Several years ago, I was invited to preach at a church where a friend and a fellow seminary classmate served as pastor. As we sat in his office, preparing to go out into the sanctuary for the worship experience, he informed me that he had a member present in the congregation that night who had some mental issues that might serve to be a distraction for me as I preached. He told me not to take anything the member said during the sermon personally or seriously because whatever the member said during my discourse would most likely be because of his mental issues. (It was a predominantly African-American congregation, therefore, it was OK and expected for the congregation to help the preacher preach! Can I get a witness?) Well, as I was preaching, sure enough, the member started blurting out in a disturbing manner. I don’t remember exactly what I was saying, but I will never forget what that member said! I had made, what I thought at the time was a profound statement, when that member loudly asked: “Where did you get those facts?” Now, because the pastor had fore-warned me, I was able to ignore the outburst and keep preaching without being taken aback. But, as I drove home that evening, that question wouldn’t go away and I found myself asking myself: “Where indeed did I get those facts?”
Many times we often say things we’ve heard other people say and we take them as gospel-truths when their validity may indeed be suspect. This is especially true when it comes to matters of faith and theology. We will often take the word of a preacher or a television evangelist as being a gospel-fact and not verify it for ourselves. When we do this, by default we adopt the theology of the speaker as our own and consequently neglect to exercise the due diligence to work out our own theology.
Now, you might be saying at this point; “That’s all well and good because I am not a theologian anyway!” You may not be a theologian by profession or training, but everyone engages in the theological process. The word “theology” literally means “god (theo)-study (logy)” Theology is the study of God. In its most primary definition, theology simply means; the study of “what you think about God.”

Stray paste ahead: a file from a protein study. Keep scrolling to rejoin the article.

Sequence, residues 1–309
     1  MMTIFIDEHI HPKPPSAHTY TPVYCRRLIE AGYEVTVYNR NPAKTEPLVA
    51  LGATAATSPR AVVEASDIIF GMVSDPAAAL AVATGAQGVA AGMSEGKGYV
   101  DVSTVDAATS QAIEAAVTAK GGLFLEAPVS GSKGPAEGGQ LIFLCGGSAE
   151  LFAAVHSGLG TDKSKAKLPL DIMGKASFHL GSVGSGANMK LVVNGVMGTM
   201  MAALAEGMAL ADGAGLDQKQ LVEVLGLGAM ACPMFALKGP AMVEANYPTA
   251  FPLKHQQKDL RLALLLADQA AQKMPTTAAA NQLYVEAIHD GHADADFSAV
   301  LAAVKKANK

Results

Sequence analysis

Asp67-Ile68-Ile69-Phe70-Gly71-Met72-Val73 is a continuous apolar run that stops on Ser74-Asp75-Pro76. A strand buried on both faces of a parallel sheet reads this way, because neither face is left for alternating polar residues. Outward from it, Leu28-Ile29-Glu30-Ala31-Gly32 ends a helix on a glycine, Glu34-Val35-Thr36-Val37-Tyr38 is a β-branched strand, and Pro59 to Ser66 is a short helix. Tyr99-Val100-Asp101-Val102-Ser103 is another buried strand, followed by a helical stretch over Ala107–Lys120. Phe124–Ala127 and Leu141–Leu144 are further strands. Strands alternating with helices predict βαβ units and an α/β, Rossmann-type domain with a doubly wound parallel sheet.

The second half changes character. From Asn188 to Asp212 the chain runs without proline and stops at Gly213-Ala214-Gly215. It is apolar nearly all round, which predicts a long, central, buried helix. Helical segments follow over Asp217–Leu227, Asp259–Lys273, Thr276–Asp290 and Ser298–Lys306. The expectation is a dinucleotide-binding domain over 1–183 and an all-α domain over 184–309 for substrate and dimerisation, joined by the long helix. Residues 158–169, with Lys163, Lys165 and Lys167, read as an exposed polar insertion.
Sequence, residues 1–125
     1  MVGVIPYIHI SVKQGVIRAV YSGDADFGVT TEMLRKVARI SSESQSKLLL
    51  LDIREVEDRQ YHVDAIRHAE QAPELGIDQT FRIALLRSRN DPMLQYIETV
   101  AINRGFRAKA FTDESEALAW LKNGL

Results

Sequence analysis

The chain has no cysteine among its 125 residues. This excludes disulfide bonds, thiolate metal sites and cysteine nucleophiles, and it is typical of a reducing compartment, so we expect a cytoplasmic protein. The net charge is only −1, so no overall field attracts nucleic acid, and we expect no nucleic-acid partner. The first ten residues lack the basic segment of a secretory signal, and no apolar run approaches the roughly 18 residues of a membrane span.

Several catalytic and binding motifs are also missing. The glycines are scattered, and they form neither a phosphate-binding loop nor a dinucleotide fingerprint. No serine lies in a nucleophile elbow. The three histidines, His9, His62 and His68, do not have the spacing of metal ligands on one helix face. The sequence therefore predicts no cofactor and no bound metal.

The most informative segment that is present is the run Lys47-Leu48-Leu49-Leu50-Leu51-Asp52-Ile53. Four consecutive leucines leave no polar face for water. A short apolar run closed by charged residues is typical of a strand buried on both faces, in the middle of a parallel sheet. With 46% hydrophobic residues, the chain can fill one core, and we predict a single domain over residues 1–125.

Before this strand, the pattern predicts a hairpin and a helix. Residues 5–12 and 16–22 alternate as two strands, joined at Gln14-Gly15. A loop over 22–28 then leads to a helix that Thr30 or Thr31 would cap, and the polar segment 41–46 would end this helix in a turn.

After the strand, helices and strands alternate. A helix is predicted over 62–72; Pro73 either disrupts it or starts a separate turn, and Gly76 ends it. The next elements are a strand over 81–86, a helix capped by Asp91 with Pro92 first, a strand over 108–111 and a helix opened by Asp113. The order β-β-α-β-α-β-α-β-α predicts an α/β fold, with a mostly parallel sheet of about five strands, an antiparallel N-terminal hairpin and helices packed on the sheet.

So, what do you think about God and what is the source of those thoughts? Do they come solely from your pastor or some other preacher? Do they come from what you heard your parents say, from your traditions or from common folk-lore? You’d be surprised, but there are many people today who form their theology from the gospel music they hear on the radio! A typical example of this is the belief that when praises go up; blessings come down! This notion didn’t come from scripture, but rather from a gospel song! Nevertheless, I have heard it preached by some preachers as gospel truth!
No matter where you get your ideas about God, the only true and real source is the Bible! However, even when the Bible is your source, you must be sure to correctly interpret and correctly apply what you read! We all would do well to engage ourselves in the task of rightly dividing (correctly interpreting and applying) the Word. Wherever and whenever we hear the word preached, taught, or otherwise discussed, we should adopt the attitude and practice of the believers who lived in Berea during the days of the Apostle Paul. In Acts 17:11 we read: “And the people of Berea were more open-minded than those in Thessalonica, and they listened eagerly to Paul’s message. They searched the Scriptures day after day to see if Paul and Silas were teaching the truth.” (NLT) Now this is not to suggest that we should become overly skeptical in regard to what we hear, but rather that we should learn to become critical (analytical) thinkers. When it comes to your spiritual well-being, don’t take any person’s word for it just because of who they are or what position they might have. Be like the Bereans. Listen eagerly and intently, then search and study the Scriptures for yourself to see if what they are saying is really the truth!